GRADUCon 2018 - First Year as Faculty in Humanities and Social Sciences Panel

About

We think and talk a lot about the scholarship that goes into obtaining a tenure track professor position. But what does the day-to-day of a first year faculty member actually look like? From administrative roles to committee meetings, and from teaching loads to progress toward tenure — there’s a lot that goes into a “rookie year.” Hear from recent PhD alumni about what they learned and did in their first year as a faculty member. This session will be dedicated specifically to faculty in the humanities and social sciences.

Panelists

Esra Tasdelen, Assistant Professor of MENA Studies, North Central College (PhD Near Eastern Languages and Civilizations 2014)

Esra Tasdelen received her B.A. degree in Social and Political Sciences at Sabanci University in 2003. She received her M.A. degree in Middle Eastern Studies in 2005 and her Ph.D degree in Near Eastern Languages and Civilizations at the University of Chicago in 2014. She is the Assistant Professor of Arabic and Middle Eastern & North African Studies and the Coordinator of the Middle Eastern & North African Studies Minor program at North Central College, Naperville, IL.

Chelsea Burns, Assistant Professor of Music Theory, University of Rochester (PhD History and Theory of Music 2016)

Chelsea Burns completed her PhD in the Theory and History of Music at the University of Chicago in 2016, and arrived at Eastman School of Music this fall after spending the 2016–17 academic year as Preceptor of Music at Harvard University. Her research interests include U.S. bluegrass and country musics, and Latin American modernisms. Her dissertation, “Listening for Modern Latin America: Identity and Representation in Concert Music, 1920–1940,” addresses Mexican and Brazilian compositions written during an especially turbulent political period. Through close readings of works by Heitor Villa-Lobos, Silvestre Revueltas, and others, Burns argues for multiple contexts and communicative possibilities for these compositions, often in ways that undermine official nationalistic narratives and mandates or reveal composerly ambivalence. In doing so, she contests analytical approaches in which folk tunes and samba rhythms are strictly features of homogenized nationalistic cultures. Burns has presented her research at national conferences of the Society for Music Theory, the Society for American Music, and the Latin American Studies Association. Her research has been supported by an ACLS/Mellon Dissertation Completion Fellowship, a U.S. Department of Education Title VI Foreign Language and Area Studies (FLAS) Fellowship, and grants from the Tinker Foundation and the Center for Latin American Studies at the University of Chicago.

Jeffrey Coleman, Assistant Professor of Spanish, Marquette University (PhD Romance Languages and Literatures 2014)

Dr. Jeffrey K. Coleman is an Assistant Professor of Spanish at Marquette University. His research interests include immigration, race and other sociopolitical issues within Contemporary Spanish and Catalan Theatre. He has published essays on this and related topics in Symposium, Estreno, Catalan Review, Journal of Catalan Studies, and others. He is currently working on a book manuscript entitled Shockwaves: Immigration and its Racial Reverberations on the Contemporary Spanish Stage, which will examine the representation of Spain’s most visible immigrant groups (Latin Americans, North Africans, and Sub-Saharan Africans) in plays dating from 1992-Present.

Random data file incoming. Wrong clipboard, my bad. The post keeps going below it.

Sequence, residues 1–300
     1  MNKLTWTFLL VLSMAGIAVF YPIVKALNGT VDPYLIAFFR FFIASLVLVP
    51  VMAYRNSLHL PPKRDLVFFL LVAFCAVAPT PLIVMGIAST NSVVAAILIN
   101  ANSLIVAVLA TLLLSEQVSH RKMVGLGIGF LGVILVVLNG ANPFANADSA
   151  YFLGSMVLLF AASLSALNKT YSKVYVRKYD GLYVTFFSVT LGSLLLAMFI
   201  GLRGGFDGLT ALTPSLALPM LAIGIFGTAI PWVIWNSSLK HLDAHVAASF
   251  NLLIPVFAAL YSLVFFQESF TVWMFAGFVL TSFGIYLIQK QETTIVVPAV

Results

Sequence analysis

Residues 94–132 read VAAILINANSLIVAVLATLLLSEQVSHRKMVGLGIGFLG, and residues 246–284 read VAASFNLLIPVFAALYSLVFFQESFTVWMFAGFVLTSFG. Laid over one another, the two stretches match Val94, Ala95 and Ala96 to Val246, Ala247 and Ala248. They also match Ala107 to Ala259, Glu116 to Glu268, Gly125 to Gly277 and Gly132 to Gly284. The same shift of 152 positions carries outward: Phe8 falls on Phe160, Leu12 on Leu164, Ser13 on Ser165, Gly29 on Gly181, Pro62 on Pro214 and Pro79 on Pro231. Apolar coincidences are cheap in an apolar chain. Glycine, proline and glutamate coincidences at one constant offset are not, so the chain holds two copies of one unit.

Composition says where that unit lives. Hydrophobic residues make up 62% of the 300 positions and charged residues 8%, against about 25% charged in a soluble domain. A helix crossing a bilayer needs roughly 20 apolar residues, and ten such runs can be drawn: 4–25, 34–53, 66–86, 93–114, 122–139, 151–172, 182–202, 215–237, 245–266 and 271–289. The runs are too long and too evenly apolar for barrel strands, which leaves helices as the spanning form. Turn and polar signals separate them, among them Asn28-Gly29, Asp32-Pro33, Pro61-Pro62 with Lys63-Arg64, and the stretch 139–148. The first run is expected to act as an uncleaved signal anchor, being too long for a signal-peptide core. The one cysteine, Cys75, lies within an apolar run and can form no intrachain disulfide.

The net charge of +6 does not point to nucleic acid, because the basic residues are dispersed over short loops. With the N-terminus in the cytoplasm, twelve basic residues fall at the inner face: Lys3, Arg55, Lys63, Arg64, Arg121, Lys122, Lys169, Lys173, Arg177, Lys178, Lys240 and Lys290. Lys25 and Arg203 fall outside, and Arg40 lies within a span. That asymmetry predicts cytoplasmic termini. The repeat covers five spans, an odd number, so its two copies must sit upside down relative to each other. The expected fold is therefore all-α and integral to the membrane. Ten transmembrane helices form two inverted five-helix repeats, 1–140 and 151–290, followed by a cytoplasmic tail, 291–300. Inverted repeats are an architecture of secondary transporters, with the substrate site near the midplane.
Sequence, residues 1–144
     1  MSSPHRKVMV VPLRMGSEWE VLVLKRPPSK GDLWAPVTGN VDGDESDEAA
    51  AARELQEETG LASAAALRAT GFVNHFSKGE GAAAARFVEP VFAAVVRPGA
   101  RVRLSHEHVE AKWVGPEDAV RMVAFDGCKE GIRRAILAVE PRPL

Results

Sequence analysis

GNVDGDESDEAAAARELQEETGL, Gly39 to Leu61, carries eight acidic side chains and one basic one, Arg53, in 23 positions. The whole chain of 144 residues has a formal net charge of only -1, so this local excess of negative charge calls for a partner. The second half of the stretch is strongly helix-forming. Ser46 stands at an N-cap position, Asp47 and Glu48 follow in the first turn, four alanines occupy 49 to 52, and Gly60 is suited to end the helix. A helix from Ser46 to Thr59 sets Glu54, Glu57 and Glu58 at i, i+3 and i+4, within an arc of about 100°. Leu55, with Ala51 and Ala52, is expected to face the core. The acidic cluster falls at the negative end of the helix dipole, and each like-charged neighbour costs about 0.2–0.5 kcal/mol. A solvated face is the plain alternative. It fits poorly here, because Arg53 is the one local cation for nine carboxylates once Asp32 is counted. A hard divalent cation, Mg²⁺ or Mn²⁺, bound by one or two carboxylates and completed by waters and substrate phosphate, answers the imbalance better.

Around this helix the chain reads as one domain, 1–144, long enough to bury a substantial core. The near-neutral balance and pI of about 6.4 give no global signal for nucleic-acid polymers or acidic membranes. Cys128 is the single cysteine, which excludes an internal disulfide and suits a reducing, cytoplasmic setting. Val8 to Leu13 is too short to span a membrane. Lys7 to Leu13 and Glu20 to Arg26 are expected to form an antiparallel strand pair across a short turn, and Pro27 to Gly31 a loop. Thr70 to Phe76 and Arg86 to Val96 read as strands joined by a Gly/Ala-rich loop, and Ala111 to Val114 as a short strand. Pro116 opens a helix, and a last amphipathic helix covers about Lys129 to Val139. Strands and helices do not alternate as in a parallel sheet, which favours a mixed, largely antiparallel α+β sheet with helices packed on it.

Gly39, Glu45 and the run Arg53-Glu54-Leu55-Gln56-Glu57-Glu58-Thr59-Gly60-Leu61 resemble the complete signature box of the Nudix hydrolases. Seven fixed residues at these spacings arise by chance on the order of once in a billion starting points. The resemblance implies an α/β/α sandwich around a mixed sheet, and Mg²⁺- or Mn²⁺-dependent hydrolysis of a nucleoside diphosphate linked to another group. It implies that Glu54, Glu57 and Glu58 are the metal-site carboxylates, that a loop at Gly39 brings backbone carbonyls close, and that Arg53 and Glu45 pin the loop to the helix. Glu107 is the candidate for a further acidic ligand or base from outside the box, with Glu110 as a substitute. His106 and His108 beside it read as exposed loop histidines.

Chen Yeh, Assistant Professor of Economics, University of Illinois at Urbana Champaign (PhD Economics 2017)

Chen Yeh is an Assistant Professor of Economics at the University of Illinois at Urbana-Champaign. His research focuses on firm dynamics. In particular, the importance of firm-level outcomes for the macroeconomy is the central theme of his work. To do so, he uses theoretical insights and empirical tools from the macroeconomic and industrial organization literature. Chen received his PhD in Economics from the University of Chicago in 2017.

Moderator

John Z. Wee, Assistant Professor of Assyriology, University of Chicago (PhD Yale Near Eastern Languages and Civilizations 2011)

John Wee is a historian of science, medicine, and mathematics in Mesopotamian and Greco-Roman antiquity. He read Assyriology and Classical History at Yale University (Ph.D. with distinction, 2012), where he received the William J. Horwitz Prize, the Samuel K. Bushnell fellowship, and a scholarship for yearlong study at the Ruprecht-Karls-Universität Heidelberg. Arriving at the University of Chicago as Provost’s Postdoctoral Scholar (2012–2014), he was subsequently appointed Assistant Professor (2015–) at the Oriental Institute and in Near Eastern Languages and Civilization (NELC) with association in Classics. He is the author of forthcoming monographs on Knowledge and Rhetoric in Medical Commentary and Mesopotamian Commentaries on the Diagnostic Handbook Sa-gig (in press), and is the editor of The Comparable Body: Analogy and Metaphor in Ancient Mesopotamian, Egyptian, and Greco-Roman Medicine (2017). His articles and essays explore the cultural histories of astronomical and medical ideas, scientific and mathematical language, and scholasticism in ancient commentaries.